AMA Foundation President emphasizes the societal responsibilities of physicians
Clarence Chou, MD ’77, Fel ’83, speaks at the American Medical Association Foundation’s 2012 Annual Meeting, where he presided as President.
Being elected President of the American Medical Association (AMA) Foundation Board is a logical highlight in the career of Clarence Chou, MD ’77, Fel ’83, a psychiatrist who has maintained a keen focus on the global future of medicine over the last 30 years.
With a renewed emphasis in the last decade on increasing physicians’ personal involvement in community health, the philanthropic arm of the AMA has worked since 1950 to advance the well-being of Americans and assist outstanding medical students and residents. That mission matches Dr. Chou’s commitment in his clinical psychiatry practice and as volunteer faculty at the Medical College of
President of the AMA Foundation Board since June 2012, Dr. Chou leads meetings of the Board and its executive committee and participates in the AMA’s annual national advocacy conference. He is also charged with advancing the Foundation’s three-year strategic plan, which includes expanding public health programs that benefit both patients and physicians, growing the Foundation’s stakeholder base by building relationships with donors, diversifying revenue with the help of a professional fundraising team, and increasing the visibility and understanding of the Foundation.
“We operate much like a start-up, working with states and specialty foundations to secure the mission and the legacy of the AMA Foundation for the future,” Dr. Chou said. “Our main focus is providing grants for free community clinics and health education projects, as well as scholarships and research grants.”
In additional to serving as president of the AMA Foundation Board, Dr. Chou is midway through a two-year term as Chair of the Wisconsin Delegation to the AMA House of Delegates, which is the principal policy-making body of the AMA. He has been on the Wisconsin Delegation since 1999 and a regular AMA delegate since 2004.
“Medicine touches so many things globally, and doctors have a responsibility to help shape policy,” Dr. Chou said. “Where is medicine going to be in 25-30 years? How will we be viable and relevant? What value do we bring to our patients?” To that end, Dr. Chou also has been on advisory committees for the Wisconsin State Legislature, the Wisconsin Department of Licensing and Regulation and the Secretary of Health and Family Services.
Board-certified in general psychiatry and child and adolescent psychiatry, Dr. Chou is a full-time staff psychiatrist with the Milwaukee County Behavioral Health Division and Associate Clinical Professor of Psychiatry and Behavioral Medicine at MCW. He has been a board examiner for his specialty since 1994 and recently spent several years on the CME and lifelong learning committees for his specialty. Dr. Chou says he feels a personal responsibility to help train tomorrow’s physicians, which involves much more than classroom work or clinical skills.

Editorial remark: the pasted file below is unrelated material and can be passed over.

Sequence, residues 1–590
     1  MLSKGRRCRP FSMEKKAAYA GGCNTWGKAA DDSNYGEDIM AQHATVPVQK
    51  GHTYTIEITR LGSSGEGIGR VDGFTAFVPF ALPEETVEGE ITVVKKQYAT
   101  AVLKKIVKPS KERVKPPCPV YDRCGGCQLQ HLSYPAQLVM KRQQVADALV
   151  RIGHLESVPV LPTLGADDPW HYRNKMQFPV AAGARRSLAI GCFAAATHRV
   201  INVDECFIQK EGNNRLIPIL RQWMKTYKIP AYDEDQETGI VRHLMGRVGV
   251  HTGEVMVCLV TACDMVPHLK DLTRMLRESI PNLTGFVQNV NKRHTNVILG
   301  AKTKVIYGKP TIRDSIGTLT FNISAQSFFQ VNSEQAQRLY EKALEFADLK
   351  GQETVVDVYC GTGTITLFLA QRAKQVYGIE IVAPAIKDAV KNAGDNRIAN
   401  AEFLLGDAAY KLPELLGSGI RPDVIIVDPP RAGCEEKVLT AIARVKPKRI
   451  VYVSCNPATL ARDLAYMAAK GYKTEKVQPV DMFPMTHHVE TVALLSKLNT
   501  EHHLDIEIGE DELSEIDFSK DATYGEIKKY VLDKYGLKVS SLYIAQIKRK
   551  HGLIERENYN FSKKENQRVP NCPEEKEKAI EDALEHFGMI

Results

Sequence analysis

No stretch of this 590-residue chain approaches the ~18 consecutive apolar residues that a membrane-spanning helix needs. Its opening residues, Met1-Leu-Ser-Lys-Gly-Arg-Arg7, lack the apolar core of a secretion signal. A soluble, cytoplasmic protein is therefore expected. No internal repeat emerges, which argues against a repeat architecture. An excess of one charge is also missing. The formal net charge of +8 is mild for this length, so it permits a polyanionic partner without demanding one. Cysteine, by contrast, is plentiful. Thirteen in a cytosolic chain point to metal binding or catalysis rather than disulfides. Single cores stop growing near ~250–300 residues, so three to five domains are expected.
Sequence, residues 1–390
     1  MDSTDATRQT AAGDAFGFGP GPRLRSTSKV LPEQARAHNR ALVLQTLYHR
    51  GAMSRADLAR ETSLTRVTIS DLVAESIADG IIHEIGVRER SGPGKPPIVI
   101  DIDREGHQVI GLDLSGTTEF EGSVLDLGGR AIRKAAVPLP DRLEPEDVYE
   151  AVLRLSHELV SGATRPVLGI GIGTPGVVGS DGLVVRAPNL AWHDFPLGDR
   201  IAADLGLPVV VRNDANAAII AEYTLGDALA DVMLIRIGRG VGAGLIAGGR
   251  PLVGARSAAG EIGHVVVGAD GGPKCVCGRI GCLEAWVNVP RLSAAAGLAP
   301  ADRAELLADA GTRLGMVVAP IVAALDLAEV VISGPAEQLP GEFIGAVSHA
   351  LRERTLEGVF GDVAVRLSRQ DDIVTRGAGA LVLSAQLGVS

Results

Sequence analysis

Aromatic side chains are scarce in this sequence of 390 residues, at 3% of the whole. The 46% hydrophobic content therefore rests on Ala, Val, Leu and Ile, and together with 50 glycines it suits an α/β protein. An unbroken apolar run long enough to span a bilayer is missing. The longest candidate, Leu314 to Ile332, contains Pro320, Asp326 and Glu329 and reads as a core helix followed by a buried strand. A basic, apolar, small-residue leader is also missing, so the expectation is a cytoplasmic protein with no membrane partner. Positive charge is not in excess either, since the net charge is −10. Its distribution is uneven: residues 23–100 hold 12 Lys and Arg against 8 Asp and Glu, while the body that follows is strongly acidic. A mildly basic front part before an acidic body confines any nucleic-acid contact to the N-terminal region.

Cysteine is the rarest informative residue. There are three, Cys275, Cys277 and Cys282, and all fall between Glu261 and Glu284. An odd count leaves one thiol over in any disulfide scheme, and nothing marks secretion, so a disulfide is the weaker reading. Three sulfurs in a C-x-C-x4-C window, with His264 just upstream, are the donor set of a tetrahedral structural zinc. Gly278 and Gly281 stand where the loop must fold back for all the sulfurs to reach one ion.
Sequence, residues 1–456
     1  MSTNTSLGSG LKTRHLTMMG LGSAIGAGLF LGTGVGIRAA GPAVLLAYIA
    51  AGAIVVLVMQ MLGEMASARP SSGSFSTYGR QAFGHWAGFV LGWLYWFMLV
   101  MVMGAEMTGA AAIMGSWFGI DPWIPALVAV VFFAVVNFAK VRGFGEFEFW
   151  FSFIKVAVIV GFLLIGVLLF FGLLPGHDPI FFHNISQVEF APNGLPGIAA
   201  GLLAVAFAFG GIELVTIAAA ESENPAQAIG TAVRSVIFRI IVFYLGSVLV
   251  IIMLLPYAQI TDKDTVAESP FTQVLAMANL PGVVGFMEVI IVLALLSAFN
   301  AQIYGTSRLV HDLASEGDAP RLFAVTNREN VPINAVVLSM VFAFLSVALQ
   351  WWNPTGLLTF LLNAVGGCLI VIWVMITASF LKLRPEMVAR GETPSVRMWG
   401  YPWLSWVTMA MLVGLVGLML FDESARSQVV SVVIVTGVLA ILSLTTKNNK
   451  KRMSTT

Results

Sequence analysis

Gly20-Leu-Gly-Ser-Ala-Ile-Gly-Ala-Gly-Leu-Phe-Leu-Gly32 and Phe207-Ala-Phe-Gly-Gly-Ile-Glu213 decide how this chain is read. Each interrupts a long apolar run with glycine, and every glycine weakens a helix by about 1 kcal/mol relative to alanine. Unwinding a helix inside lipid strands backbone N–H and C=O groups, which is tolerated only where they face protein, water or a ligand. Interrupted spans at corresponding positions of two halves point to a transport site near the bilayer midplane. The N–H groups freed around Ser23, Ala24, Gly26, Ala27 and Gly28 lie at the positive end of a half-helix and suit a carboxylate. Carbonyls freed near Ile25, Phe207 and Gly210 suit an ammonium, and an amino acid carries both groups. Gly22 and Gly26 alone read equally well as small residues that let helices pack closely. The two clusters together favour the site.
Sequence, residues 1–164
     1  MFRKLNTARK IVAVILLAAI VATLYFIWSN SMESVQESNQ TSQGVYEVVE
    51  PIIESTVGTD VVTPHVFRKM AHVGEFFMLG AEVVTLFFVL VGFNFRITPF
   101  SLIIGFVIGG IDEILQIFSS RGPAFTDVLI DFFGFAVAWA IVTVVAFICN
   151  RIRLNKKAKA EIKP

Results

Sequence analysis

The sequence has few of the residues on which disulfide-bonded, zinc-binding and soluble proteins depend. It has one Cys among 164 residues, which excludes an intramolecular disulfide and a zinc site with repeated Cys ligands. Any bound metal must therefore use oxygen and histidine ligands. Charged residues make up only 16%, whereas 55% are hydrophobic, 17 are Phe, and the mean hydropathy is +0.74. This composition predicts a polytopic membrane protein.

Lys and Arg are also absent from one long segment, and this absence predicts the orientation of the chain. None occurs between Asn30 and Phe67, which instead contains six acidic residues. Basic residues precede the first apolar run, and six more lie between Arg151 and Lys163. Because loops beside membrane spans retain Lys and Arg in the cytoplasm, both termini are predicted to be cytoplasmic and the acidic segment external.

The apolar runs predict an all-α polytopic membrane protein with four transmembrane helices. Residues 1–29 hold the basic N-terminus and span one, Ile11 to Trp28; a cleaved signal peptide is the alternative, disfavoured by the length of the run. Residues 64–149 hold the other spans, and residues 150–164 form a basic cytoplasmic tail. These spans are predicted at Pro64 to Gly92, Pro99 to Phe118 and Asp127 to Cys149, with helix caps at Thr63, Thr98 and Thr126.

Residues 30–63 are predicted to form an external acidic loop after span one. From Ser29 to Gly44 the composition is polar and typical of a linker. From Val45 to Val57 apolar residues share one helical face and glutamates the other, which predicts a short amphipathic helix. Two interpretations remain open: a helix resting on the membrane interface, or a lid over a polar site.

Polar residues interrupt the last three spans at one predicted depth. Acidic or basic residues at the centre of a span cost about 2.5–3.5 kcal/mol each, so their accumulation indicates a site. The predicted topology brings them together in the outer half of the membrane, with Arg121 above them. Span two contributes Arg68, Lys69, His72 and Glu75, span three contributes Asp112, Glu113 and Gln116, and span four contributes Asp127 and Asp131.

“Physicians have a responsibility to offer more than we think we can, which is why I bring students and residents with me to as many meetings as I can,” Dr. Chou said. “I want them to see how doctors can and should become involved in the community. Organizations can really benefit from the knowledge and critical-thinking skills that medical education teaches you.”
Dr. Chou has volunteered on the boards of numerous community organizations including the Greater Milwaukee National Alliance on Mental Illness, the United Way of Greater Milwaukee, the Planning Council of Greater Milwaukee and the City of Milwaukee’s Mayor’s Commission on Crime.
Professionally, Dr. Chou is a past president of the Wisconsin Medical Society and the Medical Society of Milwaukee County and remains an active board member of both organizations. He also is a Wisconsin Representative to the Assembly of the American Psychiatric Association (APA) and the American Academy of Child and Adolescent Psychiatry (AACAP).
Dr. Chou’s many honors include an APA mentorship award and MCW’s Department of Psychiatry Service Award, both in 2012, as well as the Marvin Wagner, MD, Clinical Preceptor Award. His message to those he teaches and trains is consistent.
“Students, trainees and practicing physicians need to become involved in policy issues early on in their careers because they can have a big impact on the future of medicine,” he said. “This is ultimately to the benefit of our profession and our patients.”
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